2016 年 7 月 25 日
Technical terms, as a whole, are generally poorly understood and potentially ambiguous. Some people just don't understand, others misunderstand, and still more use a term too broadly to encompass more than it actually is. Nowhere is this more evident than in the realm of cloud computing. For example, people commonly say that they're working 'in the cloud' when what they are actually doing is working in a virtualized environment that isn't really a cloud. This isn't as common among tech professionals like the network administrator, but it is not uncommon among the business folks who depend on the technology but don't always 'get it'.
Enterprises Sometimes Don't 'Get' the Cloud
Not all cloud service providers are capable of handling the needs of the enterprise. Even among those that are, not all have specific knowledge about storing and transmitting data across national boundaries. For the enterprise in which this is a consideration, look for a vendor with experience and a proven track record.
The concept of cloud computing is often ambiguous. People picture all this code and storage space floating around, crossing national borders, and somehow it's all connected. The world is now one because of the cloud. In reality, the cloud is simply a collection of data centers, all operating under national laws that govern data and application hosting, transfer, and security.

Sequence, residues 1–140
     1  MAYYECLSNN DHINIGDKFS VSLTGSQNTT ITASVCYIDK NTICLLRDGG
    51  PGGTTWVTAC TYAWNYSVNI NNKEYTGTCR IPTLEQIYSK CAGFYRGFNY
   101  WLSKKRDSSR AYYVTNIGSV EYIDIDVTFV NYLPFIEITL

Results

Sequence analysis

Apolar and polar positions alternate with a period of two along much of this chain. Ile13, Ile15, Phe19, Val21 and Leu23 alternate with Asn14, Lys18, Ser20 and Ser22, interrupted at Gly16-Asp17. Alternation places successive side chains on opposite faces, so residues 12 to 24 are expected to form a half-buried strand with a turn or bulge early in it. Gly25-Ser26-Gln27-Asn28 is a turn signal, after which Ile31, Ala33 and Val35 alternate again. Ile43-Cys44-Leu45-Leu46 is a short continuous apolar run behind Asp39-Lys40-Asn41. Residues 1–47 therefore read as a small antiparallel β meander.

Those data centers host storage or applications, and often a combination of the two -- but they are all just land-based data centers. Some are operated by third-party cloud vendors, while others are still owned and operated by the enterprises that utilize them. This is all well and fine, unless you happen to be a multinational organization that needs to store data, transmit data, and share data across national boundaries.
This misconception is often what hinders enterprise acceptance of the cloud. When businesses are able to understand that their data, applications, or compute environments aren't 'in the cloud somewhere' but are instead located in a real, physical data center, operated by real and tangible people, the cloud doesn't sound like such a scary place.
From the network administrator's perspective, concerns over latency and downtime also hinder cloud adoption, as networking pros worry about having little or no control over the systems and environment. Just like with any vendor, the business needs a vetting process to select the right vendor, but it's no different than any other supplier relationship wherein the business is subject to the supplier's uptime and ability to meet the requirements of the contract.
Differing National and International Laws Make Cloud Adoption Even More Complex
Now, more than ever, it's essential to understand this differentiation between onsite and cloud-based storage alternatives, as Brexit puts a new focus, and perhaps even new tensions, on US to European data sharing. Companies that operate across those borders will have to understand where the data is coming from, where it is going, and what laws govern the data at any point along the way.
Europeans typically take consumer data privacy more seriously than do Americans, and this is quite obvious in their legislation. In fact, many British and other European companies are loathe to share sensitive consumer data with their American partners, especially in light of the numerous massive data breaches that have occurred over the past few years.